Oh, and I think they did the top the same as the beech wood. I’ve seen plenty of Selig tables with a lacquer finished top. People expect walnut to be uniformly dark, when in fact it is often very mottled with areas that fade into lighter sapwood. So Walnut was always stained too to make it uniformly dark.

Americans have very little appreciation for the natural beauty of wood. It is regarded as a blank canvas for any color stain one wants, and unstained wood is unacceptable.

I don’t have a lot of respect for these low end stained Selig pieces because of this. This happened because Selig was an American company. I usually advocate for originality, but today, I am going to advocate for just getting rid of all the lacquer and the dark walnut minwax oil you put on, and just put on an untinted oil finish. Treat the poor thing better than it was meant to be treated. It is walnut and beech.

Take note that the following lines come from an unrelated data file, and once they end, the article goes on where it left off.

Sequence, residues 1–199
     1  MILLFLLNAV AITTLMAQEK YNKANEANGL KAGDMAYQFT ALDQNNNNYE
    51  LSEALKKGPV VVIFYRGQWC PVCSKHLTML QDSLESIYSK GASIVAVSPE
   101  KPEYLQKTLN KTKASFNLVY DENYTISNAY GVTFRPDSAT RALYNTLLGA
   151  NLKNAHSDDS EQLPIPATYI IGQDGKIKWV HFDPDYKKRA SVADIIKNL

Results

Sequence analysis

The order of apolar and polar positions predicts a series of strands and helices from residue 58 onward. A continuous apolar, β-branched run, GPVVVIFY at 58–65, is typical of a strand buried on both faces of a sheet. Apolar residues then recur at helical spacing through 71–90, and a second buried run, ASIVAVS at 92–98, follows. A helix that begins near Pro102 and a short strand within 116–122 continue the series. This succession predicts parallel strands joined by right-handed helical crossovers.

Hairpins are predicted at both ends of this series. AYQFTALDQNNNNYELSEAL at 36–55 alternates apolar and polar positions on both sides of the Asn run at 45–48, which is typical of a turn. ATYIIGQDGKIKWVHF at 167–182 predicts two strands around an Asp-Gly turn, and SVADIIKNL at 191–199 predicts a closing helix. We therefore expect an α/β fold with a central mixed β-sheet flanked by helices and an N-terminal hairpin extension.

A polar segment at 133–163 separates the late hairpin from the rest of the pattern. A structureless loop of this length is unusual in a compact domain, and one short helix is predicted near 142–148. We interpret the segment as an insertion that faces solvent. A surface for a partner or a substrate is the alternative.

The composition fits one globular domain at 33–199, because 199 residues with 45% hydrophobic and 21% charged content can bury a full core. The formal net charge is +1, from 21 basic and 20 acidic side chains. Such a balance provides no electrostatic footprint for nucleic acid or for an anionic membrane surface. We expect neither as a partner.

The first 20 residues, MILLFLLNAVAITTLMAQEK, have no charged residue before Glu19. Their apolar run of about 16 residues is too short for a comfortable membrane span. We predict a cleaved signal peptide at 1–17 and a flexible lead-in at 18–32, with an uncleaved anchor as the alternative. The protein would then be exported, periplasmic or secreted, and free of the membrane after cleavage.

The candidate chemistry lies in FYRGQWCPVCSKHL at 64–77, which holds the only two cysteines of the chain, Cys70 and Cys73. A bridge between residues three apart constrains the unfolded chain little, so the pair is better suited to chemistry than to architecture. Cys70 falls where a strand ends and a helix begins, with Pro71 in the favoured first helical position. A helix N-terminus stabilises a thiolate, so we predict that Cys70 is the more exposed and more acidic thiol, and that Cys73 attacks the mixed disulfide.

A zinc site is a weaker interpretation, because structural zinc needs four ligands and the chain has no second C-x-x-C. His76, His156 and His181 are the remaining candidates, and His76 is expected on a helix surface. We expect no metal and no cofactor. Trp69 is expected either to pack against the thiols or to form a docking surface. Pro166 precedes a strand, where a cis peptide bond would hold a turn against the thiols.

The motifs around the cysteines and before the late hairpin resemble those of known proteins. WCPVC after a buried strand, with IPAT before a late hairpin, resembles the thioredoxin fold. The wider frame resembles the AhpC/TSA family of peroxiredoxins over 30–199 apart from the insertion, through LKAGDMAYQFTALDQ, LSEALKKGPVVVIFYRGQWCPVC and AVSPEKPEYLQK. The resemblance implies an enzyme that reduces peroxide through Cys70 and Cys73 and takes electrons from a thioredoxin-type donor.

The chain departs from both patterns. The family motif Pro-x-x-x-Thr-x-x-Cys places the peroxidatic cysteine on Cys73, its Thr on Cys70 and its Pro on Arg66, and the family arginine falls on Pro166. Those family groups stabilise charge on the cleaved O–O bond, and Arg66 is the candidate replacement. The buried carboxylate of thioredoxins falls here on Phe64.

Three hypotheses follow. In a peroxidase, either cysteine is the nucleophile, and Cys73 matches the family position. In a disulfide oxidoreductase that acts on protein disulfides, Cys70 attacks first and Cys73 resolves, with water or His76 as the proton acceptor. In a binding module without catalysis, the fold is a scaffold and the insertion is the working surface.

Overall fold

- 14 Jun 2018

I agree with Leif again.

you are going to find it to be quite the endeavor to match the sanded with the unsanded portions. The tinted lacquer (or toner) has aged/oxidized, which makes it even harder to match. Stains are not going to work, it has to be a toner or tinted film finish. Just be thankful it was not one of the walnut-colored toners that turned green, which were common from this time period.

At this point, I would sand the whole thing down, and finish with numerous coats of oil. If you are intent on protecting the top of the table for heavy use, you can use one or two coats of ARM-R-Seal, no more, or the film builds too much. Only use it on the top, as it is too thin for application on vertical members, and I would wait for a few weeks until the oil is good and cured, before applying the Arm-R-Seal.

Sure, the even walnut tone has its place, but so does naturally finished beech/walnut pieces. When finished naturally in oil, it will slowly darken with age.

- 15 Jun 2018

i agree with you guys...i think it's crazy they would use the same lacquer finish on the top as they did on the beech considering how much it clouds the natural beauty of the walnut.